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Popular Mechanics South Africa

Popular Mechanics South Africa

January/February 2021

The South African edition of Popular Mechanics was launched in 2002 and has fast become the acknowledged voice of science and technology in South Africa. Underpinning its rich sci-tech content is an ever-changing mix of articles covering everything from automotive news and outdoor adventures to DIY projects. In essence, it explains how our world works

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País:
South Africa
Língua:
English
Editora:
RamsayMedia (PTY) Ltd
Periodicidade:
Monthly
ASSINATURA
US$ 14,33
12 Edições

nesta edição

2 minutos
let’s get moving

BY THE TIME you read this, I will either be out on the trail, or would have already completed the five-day hike some of my friends and I have planned to celebrate the end of 2020, and the dawn of the new year. And I’m sure I’ll hear no objections from you that getting to the end of 2020 in one piece definitely deserves some celebrating. It was most certainly one for the record books. Reminding my body and legs about physical exertion, in the weeks leading up to our hike, has taken quite some effort. The global health crisis and ensuing lockdown, among many other things, resulted in the majority of us being a lot more inactive for the past nine months or so. It turns out that walking from…

6 minutos
great balls of fire

WRITE TO US popularmechanics@ramsaymedia.co.za AFTER READING the letter in last year’s March edition, I thought of the projects that I enjoy doing with my children, and the value of the time spent together as a family. I remember how I, as a child, would spend hours in my grandfather’s workshop, and the love it kindled in me for creating and innovation. I hope I’ll be able to convey some of this to my children, which can be a challenge, considering the instant-information world we now live in. This letter might be useful to other readers looking for an easy family project. My kids thoroughly enjoyed the whole process, and in the end it was wonderful to see the satisfaction on their faces – that expression of ‘We made this ourselves, and it…

1 minutos
it made per fect sense at the time

1 JANUARY 1905 Duluth Aerial Bridge Ferry More than 100 years ago, this cover story told of the Duluth aerial ferry, which was the first structure of its kind in America. The steel-trussed superstructure spanned the Duluth shipping channel, and loads of up to 50 US tons could be transported from tower to tower by means of powerful electric motors. 2 FEBRUARY 1911 The New Vault at the United States Treasury A full-page photo in this article showed the impressive steel door of the vault designed to guard half a billion dollars in the US Treasury. The ‘largest and finest safe in the world’, only unlockable by two trusted employees, was located below ground in Washington DC, and cost more than $34 000 to install. 3 JANUARY 1940 Testing the Warships of Tomorrow World War II had started…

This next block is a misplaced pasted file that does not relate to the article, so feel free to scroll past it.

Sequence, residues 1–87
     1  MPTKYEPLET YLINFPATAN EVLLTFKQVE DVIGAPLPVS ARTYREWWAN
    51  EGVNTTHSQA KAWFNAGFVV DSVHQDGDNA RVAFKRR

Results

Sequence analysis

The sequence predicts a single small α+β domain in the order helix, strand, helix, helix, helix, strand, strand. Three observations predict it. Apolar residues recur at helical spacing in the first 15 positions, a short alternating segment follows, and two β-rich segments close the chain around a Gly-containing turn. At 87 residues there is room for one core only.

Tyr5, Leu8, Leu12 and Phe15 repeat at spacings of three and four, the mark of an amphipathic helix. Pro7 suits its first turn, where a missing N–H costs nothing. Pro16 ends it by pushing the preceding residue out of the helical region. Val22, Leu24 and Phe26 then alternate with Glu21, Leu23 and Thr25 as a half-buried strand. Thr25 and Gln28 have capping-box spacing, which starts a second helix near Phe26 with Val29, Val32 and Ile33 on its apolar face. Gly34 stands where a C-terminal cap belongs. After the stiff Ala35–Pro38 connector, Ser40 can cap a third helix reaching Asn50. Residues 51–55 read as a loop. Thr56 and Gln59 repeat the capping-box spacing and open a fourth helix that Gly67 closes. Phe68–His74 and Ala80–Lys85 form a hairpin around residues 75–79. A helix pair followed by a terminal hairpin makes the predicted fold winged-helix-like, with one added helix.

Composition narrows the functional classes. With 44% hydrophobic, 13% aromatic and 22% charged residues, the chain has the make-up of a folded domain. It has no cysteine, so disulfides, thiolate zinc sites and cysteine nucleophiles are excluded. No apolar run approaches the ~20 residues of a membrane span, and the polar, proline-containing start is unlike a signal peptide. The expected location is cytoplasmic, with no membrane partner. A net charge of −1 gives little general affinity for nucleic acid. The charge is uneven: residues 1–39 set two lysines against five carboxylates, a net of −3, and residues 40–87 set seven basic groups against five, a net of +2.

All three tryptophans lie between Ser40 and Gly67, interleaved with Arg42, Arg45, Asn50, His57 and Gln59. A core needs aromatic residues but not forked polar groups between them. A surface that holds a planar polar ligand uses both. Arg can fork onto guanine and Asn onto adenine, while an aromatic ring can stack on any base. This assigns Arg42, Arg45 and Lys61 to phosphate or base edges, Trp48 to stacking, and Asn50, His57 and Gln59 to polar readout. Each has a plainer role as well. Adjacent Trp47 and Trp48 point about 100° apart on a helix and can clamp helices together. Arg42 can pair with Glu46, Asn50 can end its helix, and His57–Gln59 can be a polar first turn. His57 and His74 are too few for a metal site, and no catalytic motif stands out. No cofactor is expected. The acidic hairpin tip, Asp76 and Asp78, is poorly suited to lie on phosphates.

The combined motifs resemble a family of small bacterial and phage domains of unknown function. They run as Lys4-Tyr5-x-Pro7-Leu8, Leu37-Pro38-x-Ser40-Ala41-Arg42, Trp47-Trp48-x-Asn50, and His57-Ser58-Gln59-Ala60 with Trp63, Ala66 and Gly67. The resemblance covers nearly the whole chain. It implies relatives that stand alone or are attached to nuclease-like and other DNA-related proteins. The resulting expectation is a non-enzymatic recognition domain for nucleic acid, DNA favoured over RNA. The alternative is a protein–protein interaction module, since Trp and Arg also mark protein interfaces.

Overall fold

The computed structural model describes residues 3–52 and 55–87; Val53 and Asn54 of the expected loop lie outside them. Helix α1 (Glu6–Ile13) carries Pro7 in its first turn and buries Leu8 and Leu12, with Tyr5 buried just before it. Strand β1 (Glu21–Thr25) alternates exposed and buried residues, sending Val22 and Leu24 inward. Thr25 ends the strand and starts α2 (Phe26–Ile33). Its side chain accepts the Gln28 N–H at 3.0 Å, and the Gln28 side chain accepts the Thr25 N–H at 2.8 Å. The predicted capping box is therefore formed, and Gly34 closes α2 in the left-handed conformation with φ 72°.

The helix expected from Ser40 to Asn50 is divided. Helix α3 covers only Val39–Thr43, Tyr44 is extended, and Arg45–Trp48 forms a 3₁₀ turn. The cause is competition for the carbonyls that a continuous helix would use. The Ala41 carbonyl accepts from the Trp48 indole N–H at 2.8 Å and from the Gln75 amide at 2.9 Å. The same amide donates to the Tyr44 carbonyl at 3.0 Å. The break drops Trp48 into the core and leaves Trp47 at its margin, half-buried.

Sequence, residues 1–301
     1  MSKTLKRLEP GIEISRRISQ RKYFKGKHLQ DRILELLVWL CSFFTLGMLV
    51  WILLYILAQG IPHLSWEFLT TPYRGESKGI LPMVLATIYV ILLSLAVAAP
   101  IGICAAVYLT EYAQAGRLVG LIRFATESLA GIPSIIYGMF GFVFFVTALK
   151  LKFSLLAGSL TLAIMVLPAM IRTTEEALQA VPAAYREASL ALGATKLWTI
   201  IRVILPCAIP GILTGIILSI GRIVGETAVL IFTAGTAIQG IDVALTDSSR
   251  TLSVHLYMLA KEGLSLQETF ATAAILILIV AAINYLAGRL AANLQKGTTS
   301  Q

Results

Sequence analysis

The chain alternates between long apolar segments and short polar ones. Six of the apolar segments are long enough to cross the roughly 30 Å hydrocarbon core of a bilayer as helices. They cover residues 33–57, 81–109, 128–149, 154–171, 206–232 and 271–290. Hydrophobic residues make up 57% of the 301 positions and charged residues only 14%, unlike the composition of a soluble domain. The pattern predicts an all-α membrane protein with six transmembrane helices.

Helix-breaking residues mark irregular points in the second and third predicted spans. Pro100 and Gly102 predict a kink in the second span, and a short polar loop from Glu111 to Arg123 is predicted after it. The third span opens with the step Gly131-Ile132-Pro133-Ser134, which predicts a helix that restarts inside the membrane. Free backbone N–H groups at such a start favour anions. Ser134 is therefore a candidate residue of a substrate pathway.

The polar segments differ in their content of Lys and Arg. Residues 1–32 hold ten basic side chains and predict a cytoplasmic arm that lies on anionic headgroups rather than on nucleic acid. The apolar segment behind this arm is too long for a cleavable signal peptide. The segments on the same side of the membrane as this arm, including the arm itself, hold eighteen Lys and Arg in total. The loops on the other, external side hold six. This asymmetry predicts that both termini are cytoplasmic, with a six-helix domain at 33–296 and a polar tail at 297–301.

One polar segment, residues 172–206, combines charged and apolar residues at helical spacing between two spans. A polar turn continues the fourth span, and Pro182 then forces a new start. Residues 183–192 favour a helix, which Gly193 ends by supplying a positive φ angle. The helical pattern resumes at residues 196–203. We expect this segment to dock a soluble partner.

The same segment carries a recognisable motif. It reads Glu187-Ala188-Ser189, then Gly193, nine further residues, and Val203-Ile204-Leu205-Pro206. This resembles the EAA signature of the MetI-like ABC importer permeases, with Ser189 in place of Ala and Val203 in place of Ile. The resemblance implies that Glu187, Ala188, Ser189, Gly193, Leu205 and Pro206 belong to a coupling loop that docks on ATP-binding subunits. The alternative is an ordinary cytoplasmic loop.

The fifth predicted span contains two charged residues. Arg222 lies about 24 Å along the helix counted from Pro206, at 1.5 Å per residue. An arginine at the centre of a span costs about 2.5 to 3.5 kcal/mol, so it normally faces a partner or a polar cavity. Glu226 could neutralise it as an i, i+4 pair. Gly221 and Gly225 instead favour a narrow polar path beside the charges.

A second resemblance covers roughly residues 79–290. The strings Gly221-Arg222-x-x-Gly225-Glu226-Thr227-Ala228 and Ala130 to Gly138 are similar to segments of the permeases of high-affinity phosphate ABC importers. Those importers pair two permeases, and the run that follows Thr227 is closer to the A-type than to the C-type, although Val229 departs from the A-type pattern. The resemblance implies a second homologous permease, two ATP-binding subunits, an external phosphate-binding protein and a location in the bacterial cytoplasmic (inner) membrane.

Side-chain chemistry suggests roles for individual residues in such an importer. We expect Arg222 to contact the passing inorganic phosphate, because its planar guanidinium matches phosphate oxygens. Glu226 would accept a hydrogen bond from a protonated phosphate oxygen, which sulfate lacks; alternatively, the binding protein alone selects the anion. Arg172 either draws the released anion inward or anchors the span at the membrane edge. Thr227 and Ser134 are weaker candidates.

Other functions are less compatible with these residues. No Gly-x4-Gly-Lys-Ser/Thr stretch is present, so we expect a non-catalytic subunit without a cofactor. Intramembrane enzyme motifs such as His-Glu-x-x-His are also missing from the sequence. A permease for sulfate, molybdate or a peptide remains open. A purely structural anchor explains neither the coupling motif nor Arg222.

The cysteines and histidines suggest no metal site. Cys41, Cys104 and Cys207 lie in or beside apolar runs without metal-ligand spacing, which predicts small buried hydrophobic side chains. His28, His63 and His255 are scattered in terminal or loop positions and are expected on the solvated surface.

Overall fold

3 minutos
a quantum leap in the classical world

PHYSICISTS HAVE LONG struggled with a perplexing conundrum: Why do tiny particles such as atoms, photons and electrons behave in ways that bacteria, bees, and bowling balls do not? In a phenomenon called quantum superposition, for example, individual units (say, of light) exist in two states at once. They are both waves and particles, only settling on one or the other if you specifically test for it. This isn’t something that will happen to an object like your desk. It won’t turn solid when you set your coffee cup on it, or liquid if you try to drink it. Superposition has only been observed in the smallest units of matter, which made physicist Markus Arndt of the University of Vienna curious about where the line is. Does quantum weirdness stop at…

3 minutos
electric shocks might be the secret to better gluten-free bread

WITH THE RISING popularity of gluten-free bread, there is more demand for it lately. The catch? It takes longer to make. But scientists from the Institute of Food Technology of the University of Natural Resources and Life Sciences (BOKU) in Vienna, Austria, may have come up with an energy-saving fix: using electric shocks to cook it from the inside out. They believe a concept called ohmic heating could save energy and time during the manufacturing process, according to a paper published in the journal Food and Bioprocess Technology. Ohmic heating passes an electric current through food to generate heat and cook it. This is possible through what’s known as Ohm’s law, where electrical energy is dissipated into heat ‘The heat is generated instantaneously within the complete dough,’ professor of food technology at…

1 minutos
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